By Silla Brush - 11/24/09 05:05 PM EST
Under a bill being drafted by Democratic Reps. Peter DeFazio (Ore.) and Ed Perlmutter (Colo.), the sale and purchase of financial instruments such as stocks, options, derivatives and futures would face a 0.25 percent tax.
The bill, a copy of which was obtained by The Hill, is titled the “Let Wall Street Pay for the Restoration of Main Street Act of 2009.”
The job fund would be available to offset the additional costs of the 2009 highway bill and other legislation that creates jobs.
The Obama administration and congressional Democrats are looking for ways to create jobs after the nation’s unemployment rate hit 10.2 percent in October and job losses are expected to rise.
House leaders have mentioned the possibility of a tax on stock transactions, but House Speaker Nancy Pelosi (D-Calif.) appeared to raise questions about the approach last week. Pelosi said such a move would need to be done in conjunction with efforts in other countries.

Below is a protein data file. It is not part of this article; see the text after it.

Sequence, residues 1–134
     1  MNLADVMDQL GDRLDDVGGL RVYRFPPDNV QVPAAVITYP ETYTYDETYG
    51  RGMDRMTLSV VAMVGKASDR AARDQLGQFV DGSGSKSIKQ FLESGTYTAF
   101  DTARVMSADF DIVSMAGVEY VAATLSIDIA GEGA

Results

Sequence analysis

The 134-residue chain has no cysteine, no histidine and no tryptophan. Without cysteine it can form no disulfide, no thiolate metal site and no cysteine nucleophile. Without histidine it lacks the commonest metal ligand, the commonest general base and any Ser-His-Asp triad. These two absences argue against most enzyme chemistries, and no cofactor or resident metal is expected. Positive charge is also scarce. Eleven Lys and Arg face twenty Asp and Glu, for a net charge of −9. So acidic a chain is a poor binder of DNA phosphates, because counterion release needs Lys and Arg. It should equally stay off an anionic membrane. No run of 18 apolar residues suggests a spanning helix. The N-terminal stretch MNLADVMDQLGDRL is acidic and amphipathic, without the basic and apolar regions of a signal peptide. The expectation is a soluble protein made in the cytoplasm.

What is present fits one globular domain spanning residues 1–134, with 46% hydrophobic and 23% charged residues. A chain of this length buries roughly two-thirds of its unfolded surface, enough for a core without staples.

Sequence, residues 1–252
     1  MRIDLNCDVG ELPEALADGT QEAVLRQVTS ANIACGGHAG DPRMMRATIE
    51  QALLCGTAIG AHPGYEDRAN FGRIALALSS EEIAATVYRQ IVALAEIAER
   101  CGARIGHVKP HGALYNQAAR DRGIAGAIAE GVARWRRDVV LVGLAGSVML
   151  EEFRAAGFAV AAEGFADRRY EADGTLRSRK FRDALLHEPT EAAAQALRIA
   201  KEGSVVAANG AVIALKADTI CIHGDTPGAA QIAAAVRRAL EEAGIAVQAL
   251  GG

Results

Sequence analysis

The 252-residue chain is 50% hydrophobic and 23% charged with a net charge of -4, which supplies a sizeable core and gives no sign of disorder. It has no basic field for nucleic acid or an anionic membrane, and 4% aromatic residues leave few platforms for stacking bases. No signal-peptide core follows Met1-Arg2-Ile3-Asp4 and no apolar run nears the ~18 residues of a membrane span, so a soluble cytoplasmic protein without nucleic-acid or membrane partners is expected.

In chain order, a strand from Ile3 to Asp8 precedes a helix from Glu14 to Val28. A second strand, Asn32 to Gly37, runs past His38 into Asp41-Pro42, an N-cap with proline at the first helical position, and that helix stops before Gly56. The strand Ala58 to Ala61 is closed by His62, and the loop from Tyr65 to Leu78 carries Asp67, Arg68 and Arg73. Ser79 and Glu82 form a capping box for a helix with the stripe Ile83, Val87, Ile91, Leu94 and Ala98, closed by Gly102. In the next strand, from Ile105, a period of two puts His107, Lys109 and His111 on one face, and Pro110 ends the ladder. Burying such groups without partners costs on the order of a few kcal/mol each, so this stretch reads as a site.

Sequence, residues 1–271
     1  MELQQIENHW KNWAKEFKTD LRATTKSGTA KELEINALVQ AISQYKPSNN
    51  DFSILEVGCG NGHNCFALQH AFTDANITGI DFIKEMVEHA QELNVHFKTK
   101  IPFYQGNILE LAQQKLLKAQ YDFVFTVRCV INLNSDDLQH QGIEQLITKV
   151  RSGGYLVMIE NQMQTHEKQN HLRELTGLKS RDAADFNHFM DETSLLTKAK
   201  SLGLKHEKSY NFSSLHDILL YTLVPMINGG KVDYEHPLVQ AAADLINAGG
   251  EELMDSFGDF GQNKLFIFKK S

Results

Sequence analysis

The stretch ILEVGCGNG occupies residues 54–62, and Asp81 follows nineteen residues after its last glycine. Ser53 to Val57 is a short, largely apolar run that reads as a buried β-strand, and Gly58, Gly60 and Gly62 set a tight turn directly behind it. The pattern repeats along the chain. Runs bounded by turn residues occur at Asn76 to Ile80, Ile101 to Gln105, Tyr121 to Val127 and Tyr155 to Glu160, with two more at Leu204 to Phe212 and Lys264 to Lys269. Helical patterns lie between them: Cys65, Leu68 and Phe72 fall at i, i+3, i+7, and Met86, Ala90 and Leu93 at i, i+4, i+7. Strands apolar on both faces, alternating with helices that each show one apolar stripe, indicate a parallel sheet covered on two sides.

“Obviously, we have to work with leadership on this,” said Leslie Oliver, spokeswoman for Perlmutter. “It has a long way to go, but the idea is to stir debate … We think this is one idea that makes a lot of sense.”
The stock tax measure specifies that tax revenue would need to support jobs that pay at least the median wage in the United States, promotes manufacturing jobs and prohibits any recipient of the $700 billion financial bailout from directly benefiting from the job reserve fund.
The bill aims to exempt retirement accounts from the impact of the tax.
A group of consumer watchdog organizations and labor unions sent DeFazio a letter this week supporting the tax bill.
“Your bill would put Wall Street to work for the public good, by placing a modest securities transaction tax on trades of stocks, options and swaps. A tax on these trades has little impact on the average investor or pension fund because they hold their investments for the long term, but it does disincentivize Wall Street gambling and high-volume short-term speculative trading,” the organizations wrote.
The groups include: Americans for Financial Reform, Public Citizen, the Service Employees International Union (SEIU) and the AFL-CIO, among others.